Test for Severe Combined Immunodeficiency Disorder (SCID) as part of newborn screening.

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Severe Combined Immunodeficiency Disorder (SCID) is a Severe, rare and until recently fatal autoimmune condition which some may know as bubble boy syndrome (as children diagnosed are unable to leave a special filtered air room).There are several types of SCID, which is a genetic condition however in short it means that the babies who have the condition have no immune system and are unable to fight viruses, bacterias and other illnesses like a healthy baby. There are only two centres in the U.K. that are able to treat SCID and these are Great Ormond Street and Newcastle Children's Hospital. The only cure for SCID currently is a bone marrow transplant; although a child with SCID does have to go through other treatments alongside this none of which are cures. The earlier this condition is detected the greater chance that the baby will make a full recovery. If made as part of the newborn screening parents would find out there child had SCID very early on. Whereas currently a child usually gets severely ill with an infection before being diagnosed. Some infections are fatal to children before SCID ever gets diagnosed. As some of you may be aware this is something very close to my heart as my little girl Arriella has recently at four months old been diagnosed with SCID. This was only detected after she had become extremely unwell with four respiratory viruses, pneumonia, sepsis, thrush on her windpipe and the very rare bacterial infection HIB. Arriella had also been in hospital for a month before her diagnosis and we were transferred last week to Great Ormond Street where she is receiving outstanding care for her infections and is currently awaiting a bone marrow transplant. Had she been screened as part of newborn screening Arriella probably would have had her transplant by now and would not have had to take unwell to get diagnosed.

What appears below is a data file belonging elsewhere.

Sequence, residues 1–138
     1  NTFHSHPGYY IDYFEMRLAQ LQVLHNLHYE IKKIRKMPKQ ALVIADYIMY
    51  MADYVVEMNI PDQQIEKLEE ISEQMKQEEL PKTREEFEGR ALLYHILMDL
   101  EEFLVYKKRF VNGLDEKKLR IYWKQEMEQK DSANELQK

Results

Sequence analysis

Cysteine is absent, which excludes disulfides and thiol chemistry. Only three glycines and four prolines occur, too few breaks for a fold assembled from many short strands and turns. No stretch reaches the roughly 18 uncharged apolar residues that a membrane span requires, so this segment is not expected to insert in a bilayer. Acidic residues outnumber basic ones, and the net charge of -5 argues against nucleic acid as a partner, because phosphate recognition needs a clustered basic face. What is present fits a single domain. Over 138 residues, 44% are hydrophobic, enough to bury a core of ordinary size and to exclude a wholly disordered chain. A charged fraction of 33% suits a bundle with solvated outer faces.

Please help me to raise awareness and help families and children get earlier diagnosis and faster treatment.


You can also follow both mine and Arriellas journey via Facebook.